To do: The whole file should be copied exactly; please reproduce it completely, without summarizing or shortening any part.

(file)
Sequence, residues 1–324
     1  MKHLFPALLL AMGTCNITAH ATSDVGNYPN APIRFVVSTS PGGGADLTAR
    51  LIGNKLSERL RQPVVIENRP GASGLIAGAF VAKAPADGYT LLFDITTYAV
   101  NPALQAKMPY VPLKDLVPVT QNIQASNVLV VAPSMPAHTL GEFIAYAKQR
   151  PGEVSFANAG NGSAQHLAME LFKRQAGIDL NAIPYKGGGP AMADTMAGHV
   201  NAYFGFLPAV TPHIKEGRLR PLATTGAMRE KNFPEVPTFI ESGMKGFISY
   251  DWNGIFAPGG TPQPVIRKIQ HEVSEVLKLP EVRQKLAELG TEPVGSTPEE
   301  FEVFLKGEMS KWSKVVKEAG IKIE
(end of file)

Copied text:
Sequence, residues 1–324
     1  MKHLFPALLL AMGTCNITAH ATSDVGNYPN APIRFVVSTS PGGGADLTAR
    51  LIGNKLSERL RQPVVIENRP GASGLIAGAF VAKAPADGYT LLFDITTYAV
   101  NPALQAKMPY VPLKDLVPVT QNIQASNVLV VAPSMPAHTL GEFIAYAKQR
   151  PGEVSFANAG NGSAQHLAME LFKRQAGIDL NAIPYKGGGP AMADTMAGHV
   201  NAYFGFLPAV TPHIKEGRLR PLATTGAMRE KNFPEVPTFI ESGMKGFISY
   251  DWNGIFAPGG TPQPVIRKIQ HEVSEVLKLP EVRQKLAELG TEPVGSTPEE
   301  FEVFLKGEMS KWSKVVKEAG IKIE